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Pseudo-legal ideas and legal rights

Updated: May 6, 2021

Have you recently come across someone claiming to be a 'sovereign citizen' or 'freeman'? Have you wondered what that means?

Since leaving BigLaw and establishing my own niche law practice, I've had the opportunity to work with individuals and groups concerned about defending their legal rights. A lot of my work touches on human rights.

In my work, I've become better acquainted with a pseudo-legal body of ideas that has been floating around the Internet for years. This can be loosely called the 'sovereign citizen' or 'freeman' movement. Those who subscribe to these ideas believe that governments and lawyers use secret, shady techniques to circumvent sovereign rights. By relying on certain counter-tactics - so these ideas go - people can successfully defend themselves in the face of law enforcement and the court system.

Members of the judiciary and litigation lawyers may be familiar with these people who become vexatious litigants, arguing fervently about their 'common law, 'sovereign' or 'constitutional' rights. They are more frequently found in disputes with the Australian Taxation Office and banks, as well as in minor infringements such as traffic matters.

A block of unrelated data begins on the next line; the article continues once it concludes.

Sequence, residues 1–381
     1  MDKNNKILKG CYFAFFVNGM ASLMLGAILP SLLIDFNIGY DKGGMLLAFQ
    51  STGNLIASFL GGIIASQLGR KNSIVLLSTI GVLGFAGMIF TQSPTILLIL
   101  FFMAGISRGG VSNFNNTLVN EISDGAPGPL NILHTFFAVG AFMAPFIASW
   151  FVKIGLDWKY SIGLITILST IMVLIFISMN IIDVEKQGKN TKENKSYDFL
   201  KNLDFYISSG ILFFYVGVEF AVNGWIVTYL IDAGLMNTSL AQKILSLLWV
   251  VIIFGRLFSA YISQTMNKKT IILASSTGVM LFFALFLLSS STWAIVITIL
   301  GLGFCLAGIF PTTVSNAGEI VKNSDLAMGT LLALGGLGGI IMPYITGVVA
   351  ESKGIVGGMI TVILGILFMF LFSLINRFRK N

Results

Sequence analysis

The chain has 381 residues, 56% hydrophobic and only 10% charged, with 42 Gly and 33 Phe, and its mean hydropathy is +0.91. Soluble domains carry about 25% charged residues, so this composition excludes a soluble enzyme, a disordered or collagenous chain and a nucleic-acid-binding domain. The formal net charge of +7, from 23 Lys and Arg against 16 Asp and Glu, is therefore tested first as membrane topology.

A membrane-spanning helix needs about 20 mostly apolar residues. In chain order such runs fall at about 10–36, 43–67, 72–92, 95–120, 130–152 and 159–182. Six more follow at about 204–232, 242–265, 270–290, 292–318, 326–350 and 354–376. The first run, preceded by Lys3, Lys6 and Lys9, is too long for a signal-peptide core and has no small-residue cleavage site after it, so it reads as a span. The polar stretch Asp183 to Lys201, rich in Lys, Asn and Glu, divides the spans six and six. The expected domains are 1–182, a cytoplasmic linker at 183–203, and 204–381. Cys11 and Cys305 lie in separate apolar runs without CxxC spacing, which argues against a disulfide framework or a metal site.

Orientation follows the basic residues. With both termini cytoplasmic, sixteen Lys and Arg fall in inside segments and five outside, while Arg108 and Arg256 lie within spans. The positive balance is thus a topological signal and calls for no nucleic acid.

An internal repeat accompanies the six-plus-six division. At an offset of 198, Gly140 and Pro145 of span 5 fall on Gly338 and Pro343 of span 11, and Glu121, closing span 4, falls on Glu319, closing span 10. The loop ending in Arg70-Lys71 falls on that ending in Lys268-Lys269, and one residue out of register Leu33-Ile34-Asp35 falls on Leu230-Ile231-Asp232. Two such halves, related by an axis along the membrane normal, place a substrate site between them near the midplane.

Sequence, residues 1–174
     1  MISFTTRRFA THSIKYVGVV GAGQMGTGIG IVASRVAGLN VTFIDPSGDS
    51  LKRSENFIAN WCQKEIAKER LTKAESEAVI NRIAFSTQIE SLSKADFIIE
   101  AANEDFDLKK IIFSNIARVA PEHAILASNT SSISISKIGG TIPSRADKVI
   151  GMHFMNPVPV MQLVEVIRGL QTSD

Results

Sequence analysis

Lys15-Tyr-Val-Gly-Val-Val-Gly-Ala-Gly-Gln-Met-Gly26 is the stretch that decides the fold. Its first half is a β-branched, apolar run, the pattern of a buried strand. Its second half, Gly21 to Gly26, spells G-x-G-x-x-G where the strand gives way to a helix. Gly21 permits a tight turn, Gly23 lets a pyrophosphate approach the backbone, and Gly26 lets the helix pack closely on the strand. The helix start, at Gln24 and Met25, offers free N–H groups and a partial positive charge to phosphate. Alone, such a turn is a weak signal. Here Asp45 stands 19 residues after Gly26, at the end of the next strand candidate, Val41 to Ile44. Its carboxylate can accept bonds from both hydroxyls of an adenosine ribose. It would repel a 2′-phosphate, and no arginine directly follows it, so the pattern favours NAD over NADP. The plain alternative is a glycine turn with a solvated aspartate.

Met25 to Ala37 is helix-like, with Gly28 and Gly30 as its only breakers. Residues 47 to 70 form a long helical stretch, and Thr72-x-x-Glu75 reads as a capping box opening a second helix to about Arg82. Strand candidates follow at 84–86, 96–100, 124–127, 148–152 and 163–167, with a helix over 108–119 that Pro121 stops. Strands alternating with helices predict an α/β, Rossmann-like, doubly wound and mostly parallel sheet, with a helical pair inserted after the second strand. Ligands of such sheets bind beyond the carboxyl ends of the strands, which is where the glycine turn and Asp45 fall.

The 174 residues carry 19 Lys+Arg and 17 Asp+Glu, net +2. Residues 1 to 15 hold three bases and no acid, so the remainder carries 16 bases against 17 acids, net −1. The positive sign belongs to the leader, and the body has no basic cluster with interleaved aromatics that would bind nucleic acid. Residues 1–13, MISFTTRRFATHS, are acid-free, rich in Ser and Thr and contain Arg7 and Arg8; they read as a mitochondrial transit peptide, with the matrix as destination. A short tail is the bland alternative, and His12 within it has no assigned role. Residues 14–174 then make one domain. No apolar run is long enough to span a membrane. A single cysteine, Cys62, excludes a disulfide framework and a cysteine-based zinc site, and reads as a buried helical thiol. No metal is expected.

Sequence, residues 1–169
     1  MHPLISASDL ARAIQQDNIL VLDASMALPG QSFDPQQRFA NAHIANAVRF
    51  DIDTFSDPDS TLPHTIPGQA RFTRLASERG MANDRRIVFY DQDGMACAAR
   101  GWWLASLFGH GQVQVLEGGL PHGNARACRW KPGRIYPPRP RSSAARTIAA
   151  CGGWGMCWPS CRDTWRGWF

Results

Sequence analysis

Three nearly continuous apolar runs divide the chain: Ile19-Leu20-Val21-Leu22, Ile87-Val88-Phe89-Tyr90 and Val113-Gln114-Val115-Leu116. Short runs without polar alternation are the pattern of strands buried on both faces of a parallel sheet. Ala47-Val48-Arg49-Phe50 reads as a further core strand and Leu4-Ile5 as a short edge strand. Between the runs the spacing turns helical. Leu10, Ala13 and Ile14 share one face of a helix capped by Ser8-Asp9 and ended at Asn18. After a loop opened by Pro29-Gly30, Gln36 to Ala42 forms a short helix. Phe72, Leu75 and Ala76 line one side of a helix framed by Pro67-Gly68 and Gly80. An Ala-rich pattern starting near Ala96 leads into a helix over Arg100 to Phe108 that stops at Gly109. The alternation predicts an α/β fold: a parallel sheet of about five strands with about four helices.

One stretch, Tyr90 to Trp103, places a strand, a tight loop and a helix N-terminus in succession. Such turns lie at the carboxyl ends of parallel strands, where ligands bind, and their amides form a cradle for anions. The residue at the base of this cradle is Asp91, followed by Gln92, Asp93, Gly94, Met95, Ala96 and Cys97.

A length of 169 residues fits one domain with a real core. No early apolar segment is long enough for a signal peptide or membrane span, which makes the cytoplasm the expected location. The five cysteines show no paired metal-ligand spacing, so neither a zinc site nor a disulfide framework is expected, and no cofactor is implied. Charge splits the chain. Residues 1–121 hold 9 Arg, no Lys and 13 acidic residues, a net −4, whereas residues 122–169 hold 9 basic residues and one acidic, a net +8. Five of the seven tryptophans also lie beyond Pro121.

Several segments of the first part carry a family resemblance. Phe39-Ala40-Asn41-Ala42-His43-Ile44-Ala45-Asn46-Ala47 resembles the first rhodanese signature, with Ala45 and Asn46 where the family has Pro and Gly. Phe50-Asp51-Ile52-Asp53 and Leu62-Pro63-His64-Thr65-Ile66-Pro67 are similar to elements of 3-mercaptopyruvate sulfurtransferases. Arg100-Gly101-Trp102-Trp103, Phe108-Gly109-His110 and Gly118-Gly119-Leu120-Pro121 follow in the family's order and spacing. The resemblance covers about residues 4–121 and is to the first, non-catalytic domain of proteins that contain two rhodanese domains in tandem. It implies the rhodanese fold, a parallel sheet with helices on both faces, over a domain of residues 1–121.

However, with travel restrictions, detentions in quarantine, business closures and other health orders becoming a way of life, people have been faced with greater deprivations and restrictions of their fundamental human rights (such as freedom of movement, the right of peaceful assembly and right to privacy). They are searching for ways to take back their rights, and these pseudo-legal ideas are finding fertile ground on which to proliferate.

These ideas are completely legally ineffective. Worse, they are potentially harmful to individuals who rely on them. Lawyers throw up their hands in disbelief and frustration when they encounter these arguments. Sadly, as I work with more and more ordinary people who find hope in these notions, I predict an uptick in their use.

For lawyers (and anyone) encountering them, I found an excellent online resource by Mr Robert Sudy, who himself was enthralled with these principles and tried to use them unsuccessfully in a traffic matter in a Magistrates Court in New South Wales. Mr Sudy is not a lawyer; however, his research is meticulous. His excellent website is where he analyses the arguments and debunks them. It's targeted at Australian law but is a helpful resource for other common law jurisdictions.

In these unpredictable times, people are afraid, frustrated, and feeling helpless. As lawyers who may come across anyone expressing these ideas, can I suggest we should seek to educate rather than scorn them? We need to do so firmly but with compassion as often people taken with these ideas are extremely mistrustful already. Mr Sudy's website is an exceptional place to help us do that.

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